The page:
Yes, the economy in the Bay Area and the Tri-Valley is doing great ($42 billion GDP here), but there are significant challenges (soaring housing prices and miserable commutes). What’s more there’s the great divide in California between flourishing regions and those that are suffering.
Keynote speaker Lenny Mendonca, the governor’s chief economic and business adviser, put California in perspective when he described it as a series of regions that collectively produce the 5th largest economy in the world. He views the state through the prism of regions and is troubled by the differences between the flourishing Bay Area and other coastal regions in contrast to the Inland Empire in Southern California and the greater San Joaquin Valley. He’s spent an average of one day a week in one of those troubled regions since taking the position.
He pointed out that the Central Valley is the breadbasket for the United States and beyond with its robust exports of agricultural products. One cutting edge area that he cited as a possibility is the development of precision farming with technology that would determine when to water, how much fertilizer to apply and do it by sectors of the field. Companies such as TopCon in Livermore already have the technology for precision grading to start the management process.
When it comes to the Inland Empire, it has 10 percent of the total warehouses in the United States. That’s driven by the container imports coming through the ports of Long Beach and Los Angeles that are broken down and repackaged for shipment elsewhere. Mendonca thought, given the huge shifts in retail with e-commerce, there’s an opportunity for the Inland Empire to become an innovation hub in that sector.
What he and two of the panelists, Bay Area Council CEO Jim Wunderman and Lisa Vorderbrueggen from the Building Industry Association, agreed upon was the need to accelerate new housing development. Mendonca described the few pieces of legislation that got through Sacramento as a “down payment.” Vorderbrueggen, a reporter for more than 20 years before moving to the builder’s group, was justifiably more cynical and asking just what’s been done with widespread agreement that it’s a crisis.
Lisa, with her blended family, has 14 grandchildren who all are living in Contra Costa County. She expressed her concern that they would be unable to afford to live there once they grow up.
Mendonca added the perspective of a new grandfather. He pointed out that a couple of generations ago 90 percent of people thought their children would have a better life than they did. He described it as a coin flip today and said that needed to change.
The three agreed that speeding up the approval process so it wasn’t a gamble whether a homebuilder would receive entitlements on land that is zoned for housing.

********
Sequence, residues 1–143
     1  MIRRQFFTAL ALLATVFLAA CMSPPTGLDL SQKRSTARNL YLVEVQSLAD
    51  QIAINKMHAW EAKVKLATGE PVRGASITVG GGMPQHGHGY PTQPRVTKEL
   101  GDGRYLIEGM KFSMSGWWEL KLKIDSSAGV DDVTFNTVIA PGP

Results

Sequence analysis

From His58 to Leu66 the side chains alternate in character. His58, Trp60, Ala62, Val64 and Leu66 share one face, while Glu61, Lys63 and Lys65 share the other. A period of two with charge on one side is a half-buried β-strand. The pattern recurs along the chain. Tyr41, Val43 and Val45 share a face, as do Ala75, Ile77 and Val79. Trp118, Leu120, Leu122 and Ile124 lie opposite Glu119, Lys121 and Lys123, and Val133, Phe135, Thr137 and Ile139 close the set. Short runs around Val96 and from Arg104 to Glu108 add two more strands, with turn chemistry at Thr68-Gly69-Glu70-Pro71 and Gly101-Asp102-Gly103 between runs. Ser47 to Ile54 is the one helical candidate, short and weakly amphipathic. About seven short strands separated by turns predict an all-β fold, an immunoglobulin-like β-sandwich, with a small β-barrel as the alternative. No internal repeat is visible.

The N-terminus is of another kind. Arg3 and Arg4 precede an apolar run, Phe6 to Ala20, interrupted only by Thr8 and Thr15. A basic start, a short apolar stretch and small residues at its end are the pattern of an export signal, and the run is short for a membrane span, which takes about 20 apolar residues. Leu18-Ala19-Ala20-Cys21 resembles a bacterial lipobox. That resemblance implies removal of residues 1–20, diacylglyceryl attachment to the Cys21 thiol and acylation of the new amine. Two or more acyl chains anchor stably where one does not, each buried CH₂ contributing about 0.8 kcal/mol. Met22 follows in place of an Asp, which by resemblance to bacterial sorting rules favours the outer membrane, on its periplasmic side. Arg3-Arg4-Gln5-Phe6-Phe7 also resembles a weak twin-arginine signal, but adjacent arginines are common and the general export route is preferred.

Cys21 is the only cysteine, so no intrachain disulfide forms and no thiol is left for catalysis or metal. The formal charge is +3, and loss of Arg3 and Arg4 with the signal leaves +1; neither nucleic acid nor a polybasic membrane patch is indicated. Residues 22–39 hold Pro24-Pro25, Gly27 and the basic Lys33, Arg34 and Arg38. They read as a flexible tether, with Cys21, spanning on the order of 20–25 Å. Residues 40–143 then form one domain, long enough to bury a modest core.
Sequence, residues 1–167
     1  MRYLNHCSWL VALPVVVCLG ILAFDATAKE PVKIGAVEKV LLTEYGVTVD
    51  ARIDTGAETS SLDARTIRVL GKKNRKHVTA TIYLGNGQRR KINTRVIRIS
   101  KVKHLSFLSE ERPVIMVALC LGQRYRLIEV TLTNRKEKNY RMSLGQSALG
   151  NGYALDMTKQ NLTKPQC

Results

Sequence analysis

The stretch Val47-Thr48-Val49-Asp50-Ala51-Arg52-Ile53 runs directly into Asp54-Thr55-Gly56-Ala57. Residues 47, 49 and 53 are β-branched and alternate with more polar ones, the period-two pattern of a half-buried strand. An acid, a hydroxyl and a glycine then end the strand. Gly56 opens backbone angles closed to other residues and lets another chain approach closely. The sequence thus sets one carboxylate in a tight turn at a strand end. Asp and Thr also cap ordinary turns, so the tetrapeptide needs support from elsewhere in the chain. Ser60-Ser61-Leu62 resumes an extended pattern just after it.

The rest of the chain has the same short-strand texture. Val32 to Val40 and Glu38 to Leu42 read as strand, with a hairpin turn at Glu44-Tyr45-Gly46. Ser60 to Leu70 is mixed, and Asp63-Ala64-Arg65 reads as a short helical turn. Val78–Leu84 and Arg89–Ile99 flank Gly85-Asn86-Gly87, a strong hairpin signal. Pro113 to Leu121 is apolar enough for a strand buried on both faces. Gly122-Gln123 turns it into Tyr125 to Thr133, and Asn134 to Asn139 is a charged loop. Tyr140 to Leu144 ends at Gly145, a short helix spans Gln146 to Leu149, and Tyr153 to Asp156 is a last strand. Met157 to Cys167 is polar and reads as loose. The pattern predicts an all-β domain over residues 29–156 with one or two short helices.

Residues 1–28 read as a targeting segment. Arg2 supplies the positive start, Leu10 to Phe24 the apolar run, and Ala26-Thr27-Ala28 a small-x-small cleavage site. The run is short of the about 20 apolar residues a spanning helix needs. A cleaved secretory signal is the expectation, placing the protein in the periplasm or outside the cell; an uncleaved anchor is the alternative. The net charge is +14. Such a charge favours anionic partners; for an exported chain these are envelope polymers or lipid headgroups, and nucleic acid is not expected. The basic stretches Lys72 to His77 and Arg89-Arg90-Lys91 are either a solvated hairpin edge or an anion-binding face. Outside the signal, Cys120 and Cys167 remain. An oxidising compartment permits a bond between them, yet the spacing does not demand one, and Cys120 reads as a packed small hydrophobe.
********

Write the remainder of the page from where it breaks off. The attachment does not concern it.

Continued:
That creates the rub with local officials who, unlike isolated regional board members, face voters from the neighborhoods. Livermore Mayor John Marchand pointed out how the state can muck things up, citing mandatory long-term water rationing that was imposed regardless of whether it was necessary in a local jurisdiction. That makes for difficult conversations when more housing is proposed and someone asks where’s the water going to come from.
Long-term water supply, given the vagaries of the rain and snowfall year to year, is a problem that’s not being addressed statewide. Voters passed a bond measure with $2.7 billion for water storage in 2014 and there’s no project underway despite widespread agreement that the off-stream Sites Reservoir would help environmentally and economically. The long-awaited fix to the Delta has been modified to a single tunnel by the governor and the Dept. of Water Resources now is grinding through a restarted process.
Wunderman also pushed accessory dwelling units, a logical approach, given how many Bay Area dwellings are single-family homes, many on large lots in the suburbs. That’s an opportunity. He also cited the CASA accord released earlier this year. It was developed by the major cities, regional organizations and builders without input from suburban areas and was panned by suburban elected officials.
That group is exploring how to raise $2 billion annually for subsidized housing—Wunderman argues that housing should be subsidized and seen as a reasonable expense just like police, fire, libraries and parks. What’s frightening about the proposal is it would be administered through the Metropolitan Transportation Commission, an agency known for its mismanagement and disfunction.
The governing board consists of elected officials (county and local) who are immune to voter attention in that role. It’s tempting to demand a directly elected board, but then look at the incompetence of the BART board. Sadly, it’s no panacea.